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12 February 2015

Power Scrapbooking: Organizing Photos in Photoshop Elements

Why create a personal or family history scrapbook? I have answered that before in a post entitled Why create a  family history scrapbook?  I have also used scrapbooks to Gain Access to Other People's Stuff. I hope you'll review posts for more inspiration.

Family History Scrapbook Cover Page
Cover of my father's heritage scrapbook
Now that we've reviewed why I want to begin showing you how I Power Scrapbook and  Family History Scrapbooking Simplified using Photoshop Elements (PSE).


Optional Step: Organize in Windows Explorer

Being organized prior to jumping into a project pays off in efficiency... hence the term Power Scrapbooking. Being organized is an ongoing process, but you can start that process today.

Organize the original images

Before I organize my files in PSE 11, I have to digitize them with a scanner or by photographing them. I have written before about how I organize the photos into batches for scanning or the memorabilia into piles for photography.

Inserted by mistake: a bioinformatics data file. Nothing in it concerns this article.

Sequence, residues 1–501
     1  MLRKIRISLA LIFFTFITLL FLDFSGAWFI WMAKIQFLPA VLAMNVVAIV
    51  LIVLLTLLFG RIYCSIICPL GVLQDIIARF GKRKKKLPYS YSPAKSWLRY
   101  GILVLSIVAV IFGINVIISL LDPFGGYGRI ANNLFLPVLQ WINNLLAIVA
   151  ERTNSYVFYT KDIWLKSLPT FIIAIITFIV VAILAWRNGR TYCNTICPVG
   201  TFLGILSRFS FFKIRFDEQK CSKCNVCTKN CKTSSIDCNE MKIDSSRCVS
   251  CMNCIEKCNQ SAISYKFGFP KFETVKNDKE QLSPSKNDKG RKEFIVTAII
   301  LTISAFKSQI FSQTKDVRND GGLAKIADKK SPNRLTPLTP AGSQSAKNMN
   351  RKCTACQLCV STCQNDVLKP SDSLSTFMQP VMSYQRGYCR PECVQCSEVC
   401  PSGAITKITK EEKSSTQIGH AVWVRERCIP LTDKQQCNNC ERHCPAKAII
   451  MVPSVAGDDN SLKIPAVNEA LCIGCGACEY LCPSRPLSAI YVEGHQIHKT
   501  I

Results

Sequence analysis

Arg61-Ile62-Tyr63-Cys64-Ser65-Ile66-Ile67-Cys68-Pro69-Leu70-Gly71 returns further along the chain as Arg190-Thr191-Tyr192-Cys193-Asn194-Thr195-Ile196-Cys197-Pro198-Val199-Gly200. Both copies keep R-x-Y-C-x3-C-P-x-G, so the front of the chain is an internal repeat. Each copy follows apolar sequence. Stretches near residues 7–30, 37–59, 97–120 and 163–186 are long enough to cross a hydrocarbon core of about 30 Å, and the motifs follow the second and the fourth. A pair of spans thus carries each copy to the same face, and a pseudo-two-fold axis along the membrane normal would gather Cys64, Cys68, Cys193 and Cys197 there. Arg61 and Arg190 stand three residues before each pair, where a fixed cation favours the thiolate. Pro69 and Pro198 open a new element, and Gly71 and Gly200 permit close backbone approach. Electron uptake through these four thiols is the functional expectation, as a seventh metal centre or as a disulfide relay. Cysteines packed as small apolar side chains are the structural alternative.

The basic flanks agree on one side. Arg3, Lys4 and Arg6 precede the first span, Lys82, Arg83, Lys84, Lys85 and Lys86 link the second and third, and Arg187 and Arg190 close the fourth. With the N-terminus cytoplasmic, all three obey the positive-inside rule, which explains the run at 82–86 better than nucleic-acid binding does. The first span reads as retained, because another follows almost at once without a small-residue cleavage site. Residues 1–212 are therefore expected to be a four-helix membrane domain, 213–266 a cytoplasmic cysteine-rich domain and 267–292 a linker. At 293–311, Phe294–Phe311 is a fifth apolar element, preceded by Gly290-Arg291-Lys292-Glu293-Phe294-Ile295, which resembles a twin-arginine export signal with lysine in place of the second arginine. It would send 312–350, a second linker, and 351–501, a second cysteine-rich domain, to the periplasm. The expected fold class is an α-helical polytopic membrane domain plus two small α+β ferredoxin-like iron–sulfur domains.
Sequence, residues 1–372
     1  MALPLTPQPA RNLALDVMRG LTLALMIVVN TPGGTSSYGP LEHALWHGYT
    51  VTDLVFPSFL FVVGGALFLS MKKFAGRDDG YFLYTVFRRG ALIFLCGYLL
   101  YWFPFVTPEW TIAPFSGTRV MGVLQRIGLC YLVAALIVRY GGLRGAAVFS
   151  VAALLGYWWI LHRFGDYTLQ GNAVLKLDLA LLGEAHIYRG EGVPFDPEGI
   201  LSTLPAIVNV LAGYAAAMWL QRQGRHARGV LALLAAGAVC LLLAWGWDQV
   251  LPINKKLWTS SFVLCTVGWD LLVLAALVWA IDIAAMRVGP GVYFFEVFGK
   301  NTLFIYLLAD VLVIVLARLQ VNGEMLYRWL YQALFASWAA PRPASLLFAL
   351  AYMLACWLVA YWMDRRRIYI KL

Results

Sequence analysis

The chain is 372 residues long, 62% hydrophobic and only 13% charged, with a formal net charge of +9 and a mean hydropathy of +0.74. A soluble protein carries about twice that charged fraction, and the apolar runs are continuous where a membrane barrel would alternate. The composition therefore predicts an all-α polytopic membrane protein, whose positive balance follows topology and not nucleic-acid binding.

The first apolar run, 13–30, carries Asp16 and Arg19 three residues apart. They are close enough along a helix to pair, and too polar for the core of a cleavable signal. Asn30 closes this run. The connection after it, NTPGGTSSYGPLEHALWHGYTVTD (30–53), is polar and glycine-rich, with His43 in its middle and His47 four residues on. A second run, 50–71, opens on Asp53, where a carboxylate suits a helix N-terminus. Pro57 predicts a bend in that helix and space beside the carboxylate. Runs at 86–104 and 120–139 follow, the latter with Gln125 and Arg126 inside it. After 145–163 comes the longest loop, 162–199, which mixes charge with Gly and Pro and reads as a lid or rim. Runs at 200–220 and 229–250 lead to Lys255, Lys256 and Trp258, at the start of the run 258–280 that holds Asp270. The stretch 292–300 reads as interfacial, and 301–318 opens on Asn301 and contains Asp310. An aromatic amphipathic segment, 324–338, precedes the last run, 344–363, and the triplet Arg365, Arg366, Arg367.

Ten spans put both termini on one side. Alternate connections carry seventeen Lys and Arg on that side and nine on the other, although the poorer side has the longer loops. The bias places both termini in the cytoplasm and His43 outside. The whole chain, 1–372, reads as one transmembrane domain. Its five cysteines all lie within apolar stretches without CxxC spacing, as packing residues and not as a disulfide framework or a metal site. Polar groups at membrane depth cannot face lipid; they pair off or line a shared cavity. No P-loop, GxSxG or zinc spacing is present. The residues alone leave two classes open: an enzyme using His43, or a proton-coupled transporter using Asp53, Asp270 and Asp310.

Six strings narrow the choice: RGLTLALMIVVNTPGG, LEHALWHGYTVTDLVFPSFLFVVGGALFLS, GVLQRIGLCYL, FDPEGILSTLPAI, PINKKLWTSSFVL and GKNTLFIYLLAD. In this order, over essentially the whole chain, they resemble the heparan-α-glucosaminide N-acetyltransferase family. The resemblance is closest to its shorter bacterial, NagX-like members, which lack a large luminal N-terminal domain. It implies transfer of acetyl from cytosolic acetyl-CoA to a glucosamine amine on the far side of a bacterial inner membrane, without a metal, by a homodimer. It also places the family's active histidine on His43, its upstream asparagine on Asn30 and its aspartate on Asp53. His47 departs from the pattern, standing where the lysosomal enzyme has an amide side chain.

After organizing the photos, it's time to digitize!
After organizing the photos, it's time to digitize!

Once my photos and memorabilia are organized, then I use Windows Explorer to organize these images electronically. I have written about this in previous posts entitled Keep the Story and Photos Together (Part 1 and Part 2).

Organizing Photos for Digital Scrapbooking
Files Organized in Windows Explorer

You do not need to do this as Photoshop Elements has a tandem program called Photoshop Elements Organizer that can organize your photos on your hard drive. I like to pre-sort my photos into files by year and month, which I have written about before. Then load these folders into PSE.

Sort through digital photos with Windows Photo Viewer
Using Windows Photo Viewer to Accept or Reject Photos. Only click on
the red "X" if it's a truly bad photo.
After sorting my photos chronologically, I use the Windows Photo Viewer which opens up when you double-click on a photo in Windows Explorer. I will use the forward and back arrows in the Photo Viewer to look at each photo. If the photo is unintentionally blurry or a definite reject, I will delete them immediately.